My wife and I recently spent a very convivial evening at the beautiful home in Sydney of leading Australian mediator Alan Limbury and his wife, Dr. Rosemary Howell, who coaches a team from the University of New South Wales in the annual ICC mediation competition.
One topic which stimulated some forthright conversation was the use of hybrids whereby a mediator takes on the role of arbitrator if the matter does not resolve by mediation. In particular, we discussed the transition from mediator to arbitrator with the consent of the parties. It’s a topic on which I recently addressed a group in Dublin too and, contrary to my regular pontification about the value of ambiguity and the need to avoid binary thinking, the more I think about it, I find myself adopting an increasingly dogmatic view.
So, here’s the dogma, dressed up as provocation. Mediators should not get involved in hybrids if that means the mediator taking on any sort of adjudicative role in the matter, even if parties request it and the rules allow it. To do so compromises mediation as a hugely valuable process, and the overall risks associated with doing so outweigh any short term benefit in an individual case.
For similar reasons, I am concerned when I see mediators and arbitrators associating in the same professional body. I am concerned by a trend which seems to align the two dispute resolution methods more closely. Mediation and arbitration are so fundamentally different that, as I see it, this in-mixing carries very significant risks for both. However, I write as a mediator and it would be presumptuous to express my views from any other perspective.
Arbitration, like litigation, is an adjudicative process. It involves the presentation of argument and evidence designed to persuade a third party to evaluate and make a decision. It is of course generally a private process, governed to a greater extent than litigation by the parties’ preferences. Mediation is also private and the parties have considerable control over it. But further key attributes of mediation are, or should be, that:
o The parties retain the ultimate decision-making function and responsibility for determining the outcome
o The mediator’s role is to assist the parties to exercise this responsibility autonomously
o The parties may elect to withdraw at any time, for any reason
o There is an (almost) infinite flexibility in the use of the process
o Solutions can be found by exploring all aspects of relationships: personal, commercial, past, future, and all manner of issues and options may be discussed
o A critical role of the mediator is to help parties assess risk and different possibilities, including alternatives to reaching an agreement on the presenting issues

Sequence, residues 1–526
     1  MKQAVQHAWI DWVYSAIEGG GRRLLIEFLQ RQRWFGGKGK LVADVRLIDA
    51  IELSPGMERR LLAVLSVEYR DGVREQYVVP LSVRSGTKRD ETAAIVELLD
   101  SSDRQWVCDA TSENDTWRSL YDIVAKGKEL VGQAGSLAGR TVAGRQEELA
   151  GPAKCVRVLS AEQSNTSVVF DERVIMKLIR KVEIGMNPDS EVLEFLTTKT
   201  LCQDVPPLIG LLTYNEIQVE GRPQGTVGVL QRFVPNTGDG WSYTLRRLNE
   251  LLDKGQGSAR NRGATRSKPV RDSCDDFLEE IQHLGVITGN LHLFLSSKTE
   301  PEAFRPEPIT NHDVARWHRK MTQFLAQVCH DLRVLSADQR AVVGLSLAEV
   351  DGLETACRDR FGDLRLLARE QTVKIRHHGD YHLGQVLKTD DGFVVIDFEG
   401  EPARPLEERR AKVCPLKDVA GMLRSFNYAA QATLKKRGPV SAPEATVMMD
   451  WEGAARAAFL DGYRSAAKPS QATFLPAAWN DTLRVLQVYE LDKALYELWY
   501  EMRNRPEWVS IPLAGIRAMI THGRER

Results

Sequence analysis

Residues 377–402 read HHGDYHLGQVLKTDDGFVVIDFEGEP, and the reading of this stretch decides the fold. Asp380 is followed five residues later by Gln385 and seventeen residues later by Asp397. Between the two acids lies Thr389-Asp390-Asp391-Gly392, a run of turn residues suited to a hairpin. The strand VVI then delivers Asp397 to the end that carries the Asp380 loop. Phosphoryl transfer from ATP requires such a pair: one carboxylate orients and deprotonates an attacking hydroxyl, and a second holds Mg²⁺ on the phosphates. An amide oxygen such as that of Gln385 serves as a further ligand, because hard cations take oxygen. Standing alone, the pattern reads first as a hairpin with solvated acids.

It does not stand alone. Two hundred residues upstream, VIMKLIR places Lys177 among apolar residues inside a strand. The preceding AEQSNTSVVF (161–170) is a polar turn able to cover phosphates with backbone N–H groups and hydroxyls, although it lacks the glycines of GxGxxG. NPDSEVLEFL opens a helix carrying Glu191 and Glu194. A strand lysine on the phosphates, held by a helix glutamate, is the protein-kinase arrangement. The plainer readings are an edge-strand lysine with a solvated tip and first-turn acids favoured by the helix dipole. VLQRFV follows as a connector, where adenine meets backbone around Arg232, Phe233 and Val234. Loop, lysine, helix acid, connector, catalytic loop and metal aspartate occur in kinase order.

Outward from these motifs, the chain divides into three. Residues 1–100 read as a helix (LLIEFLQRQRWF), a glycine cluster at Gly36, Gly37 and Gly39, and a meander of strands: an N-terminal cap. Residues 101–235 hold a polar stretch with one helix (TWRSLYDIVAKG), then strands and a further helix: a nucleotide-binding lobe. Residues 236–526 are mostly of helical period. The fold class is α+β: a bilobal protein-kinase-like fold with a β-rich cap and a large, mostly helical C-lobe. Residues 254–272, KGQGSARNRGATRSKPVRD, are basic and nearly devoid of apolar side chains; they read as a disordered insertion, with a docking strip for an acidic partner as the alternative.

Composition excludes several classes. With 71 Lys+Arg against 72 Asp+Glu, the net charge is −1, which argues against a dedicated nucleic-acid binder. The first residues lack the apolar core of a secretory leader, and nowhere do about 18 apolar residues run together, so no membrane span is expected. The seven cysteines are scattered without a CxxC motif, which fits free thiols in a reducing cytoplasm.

o Such an outcome (no formal agreement) is a valid result of engaging in mediation
o The mediator will never know everything and his or her knowledge of facts, arguments and risks is necessarily limited by the nature of the process.
In the mediator’s assisting role, he or she may ask challenging questions and ponder with parties a range of possible solutions, outcomes, alternatives or “settlements”. It is not however the role of the mediator to pronounce a decision. Such is beyond his or her competence or capability by nature of the role and the process.
On this analysis, and in passing only, “evaluative” mediation seems to be an oxymoron, if that means the parties expect and rely on the mediator to express a view which is designed to provide them with an outcome. Any views the mediator expresses can only be provocative and provisional. Anything else assumes to the role a responsibility and the making of judgments which, I suggest, cannot validly be assumed or made.
There is a further, fundamental, factor which appears to militate against a mediator assuming a formal adjudicative role of any sort. As studies of the brain tell us, we are all victims of our unconscious minds. Perhaps to our horror, something like 90% of our thinking is unconscious. This has wide reaching implications but, for mediators, this means that the parties, and us, are affected by what we understand the process to be or what it may become. Therefore, any possibility that the mediator may express a determinative view is bound, whether we like it or not, to influence how we and the parties approach our conversations and relationships.
The value of mediation should be the pushing of boundaries in a way that is only possible because the mediator is wholly disinterested in the outcome and unencumbered by any prospect of reaching a view. In such a setting, the parties are free to explore things in a way which is quite unique. Inevitably, it seems, that would be different if the roles are – or might become – different.